This statement of compliance compares the OCNCC INAP implementation to: • ETSI defined INAP required for support of Capability Set 1 (CS1), as defined. Core-INAP-CS1-Codes &;ccitt(0) identified-organization(4) etsi(0) inDomain( 1) in-network(1) modules(0) cs1-codes(3) version1(0)} DEFINITIONS::= BEGIN. Jun 1, Intelligent Network Application Protocol (INAP); Part 1: Protocol This document describes the extensions to the ETSI Core INAP CS1 [1,2].
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Like the various versions of AIN, INAP defines its own set of remote operations and parameters that are used at the component sublayer.
While they provide similar functionality to those used by North American AIN, they are distinct in their definition and encoding. Note that these tables do not include all INAP operations. Additional operations for communication, such as SCF-SCF, exist; however, this section focuses only on those operations that are directly related to services at an SSP. Figure shows the message flow for a basic toll-free service using INAP. The toll-free application at the SSP determines that communication with the SCP is necessary to retrieve information for the toll-free service.
The InitialDP component can include several optional parameters. Using our example in Figurethe CalledPartyNumber parameter is included to indicate the toll-free number. The Apply Charging operation indicates that charging should be applied for the call and might contain a PartyToCharge parameter to indicate whether charges should be applied to the calling or called party. In the case of a toll-free or free phone call, charges are applied to the called party. The Connect operation contains the DestinationRoutingAddress parameter to specify the routable destination number for connecting the call.
Depending on regulatory policies and agreements, information such as the Carrier parameter can be returned in the Connect component to specify a particular IXC-providing service for the freephone number.
This example is a very simple version of a toll-free service. It could also include connections to an IP, along with knap other variations in the message flow and parameters.
The example has been kept simple to provide an understanding of what a simple INAP exchange looks like for a service and to avoid the varying nuances of how the service might be deployed. However, the operations have been tailored to the needs of the European region, thus adhering to the ETSI specifications. This allows SPs to build and deploy their own services.
Several SCEs are available, each differing in features and capabilities; however, they all share a common purpose of generating program code that can be executed by the SCP.
Many SCEs provide a Graphical User Interface that allows software components to be joined together at a high level using visual tools to represent a service. Further modifications and customizations are applied by setting the properties that are associated with the high level objects and often by making software modifications at the software coding level.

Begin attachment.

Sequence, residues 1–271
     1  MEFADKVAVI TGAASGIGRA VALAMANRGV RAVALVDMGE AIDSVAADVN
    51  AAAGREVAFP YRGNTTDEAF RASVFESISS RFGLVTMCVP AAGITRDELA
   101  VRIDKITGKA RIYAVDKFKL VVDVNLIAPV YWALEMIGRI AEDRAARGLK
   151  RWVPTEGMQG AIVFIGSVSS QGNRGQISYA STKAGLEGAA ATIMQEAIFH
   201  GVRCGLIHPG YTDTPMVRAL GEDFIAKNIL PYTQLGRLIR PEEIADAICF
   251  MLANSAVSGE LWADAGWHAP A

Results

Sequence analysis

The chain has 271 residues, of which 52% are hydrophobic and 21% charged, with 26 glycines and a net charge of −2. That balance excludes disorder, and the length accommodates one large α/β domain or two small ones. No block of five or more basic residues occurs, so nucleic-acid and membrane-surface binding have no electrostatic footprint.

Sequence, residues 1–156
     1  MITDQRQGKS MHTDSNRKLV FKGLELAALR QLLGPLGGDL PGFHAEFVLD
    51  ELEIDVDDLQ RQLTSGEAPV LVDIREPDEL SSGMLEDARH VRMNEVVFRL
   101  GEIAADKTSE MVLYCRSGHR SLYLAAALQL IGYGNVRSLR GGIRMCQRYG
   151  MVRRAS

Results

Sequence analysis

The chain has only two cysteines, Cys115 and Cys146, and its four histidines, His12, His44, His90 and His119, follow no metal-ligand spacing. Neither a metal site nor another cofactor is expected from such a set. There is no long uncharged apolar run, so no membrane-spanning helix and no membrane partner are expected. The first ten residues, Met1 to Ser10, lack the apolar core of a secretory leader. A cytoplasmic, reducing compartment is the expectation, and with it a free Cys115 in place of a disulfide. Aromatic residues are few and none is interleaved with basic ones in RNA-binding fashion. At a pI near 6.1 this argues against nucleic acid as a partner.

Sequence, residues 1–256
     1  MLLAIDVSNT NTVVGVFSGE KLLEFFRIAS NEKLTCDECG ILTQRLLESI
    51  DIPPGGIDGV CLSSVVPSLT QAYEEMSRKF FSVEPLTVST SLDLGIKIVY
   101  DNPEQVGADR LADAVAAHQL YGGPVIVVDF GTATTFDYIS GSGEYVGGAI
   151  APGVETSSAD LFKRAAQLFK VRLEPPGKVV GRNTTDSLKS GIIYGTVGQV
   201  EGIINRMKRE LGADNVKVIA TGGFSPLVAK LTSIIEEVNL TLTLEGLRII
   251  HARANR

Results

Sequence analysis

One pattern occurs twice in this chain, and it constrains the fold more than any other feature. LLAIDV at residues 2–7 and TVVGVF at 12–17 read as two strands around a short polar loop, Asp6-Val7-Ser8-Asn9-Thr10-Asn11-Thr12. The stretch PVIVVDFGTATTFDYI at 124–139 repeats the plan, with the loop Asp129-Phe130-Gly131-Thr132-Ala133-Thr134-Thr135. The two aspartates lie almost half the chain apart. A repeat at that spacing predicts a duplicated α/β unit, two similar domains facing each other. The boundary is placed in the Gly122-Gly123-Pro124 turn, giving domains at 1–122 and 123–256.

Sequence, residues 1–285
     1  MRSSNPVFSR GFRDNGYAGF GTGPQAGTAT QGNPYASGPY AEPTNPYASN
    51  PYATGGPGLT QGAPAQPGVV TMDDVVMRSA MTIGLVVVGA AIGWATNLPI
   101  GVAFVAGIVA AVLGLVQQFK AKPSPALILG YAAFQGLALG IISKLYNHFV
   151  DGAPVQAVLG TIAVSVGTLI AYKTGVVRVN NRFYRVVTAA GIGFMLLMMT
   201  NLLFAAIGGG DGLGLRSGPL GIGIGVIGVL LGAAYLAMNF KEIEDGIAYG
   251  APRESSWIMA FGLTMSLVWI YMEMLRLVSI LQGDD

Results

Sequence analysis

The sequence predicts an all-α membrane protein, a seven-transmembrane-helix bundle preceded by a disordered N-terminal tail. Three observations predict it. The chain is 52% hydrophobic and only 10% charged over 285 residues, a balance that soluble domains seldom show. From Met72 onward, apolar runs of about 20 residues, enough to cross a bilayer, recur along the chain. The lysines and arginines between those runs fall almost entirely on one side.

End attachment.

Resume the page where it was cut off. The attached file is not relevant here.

The program code is then generated for the service, which can be executed at an SCP. SLPs provide the “glue” logic and overall program flow to join SIBs together into meaningful services.
Each SIB identifies a common telephony function that is used across services. SIBs are currently quite generic and lack ample detail, making them primarily useful only for high-level modeling of service functions.
An example of some SIBs include: These building blocks are easily recognizable as part of standard telephony call and feature processing. The two most common functions involving User Interaction are collecting information from the user and playing audible messages or tones.
Audible messages can be used for a number of different purposes, including the following:. Input is collected to c1 decisions about how a call should be directed and to determine the services the user needs. User input is usually provided in one of the following forms:. Figure shows an exchange between the SSP and SCP that requires the user to enter information based on voice prompts.
Example of User Interaction. The operation within ca1 User Interaction SIB that implements the collection of digits does not determine how the digits will be used. That would defeat the SIB’s “independence” aspect. As the network and services evolve, new means for interacting with the user will inevitably surface, thereby adding additional operations to the User Interaction SIB.
However, the fundamental building block of this Inal will still be needed. The SLP is the executable logic that results from the service creation process.
Radisys | INAP Software
Whether the service is constructed using graphical tools or programming libraries, the end result must be able to run on the SCP platform. The SCE allows subcomponents that make up an SIB to be joined together in a logical flow with decision branch points based on the results of the subcomponent operations.
The result is a complete logic program that can be executed. Before running it on an SCP platform, the SCE generally provides some level of simulation to determine how the service will function. Good simulators allow phone calls to be placed using resources such as recorded announcements and Voice Recognition Units, to provide a complete simulation cx1 the service.
When the service has been constructed using the SCE tools, code modules or program scripts that are eventually deployed to the SCP or Adjunct are generated. The code modules are triggered by incoming messages, which match a given criteria for the script, from imap SSP.
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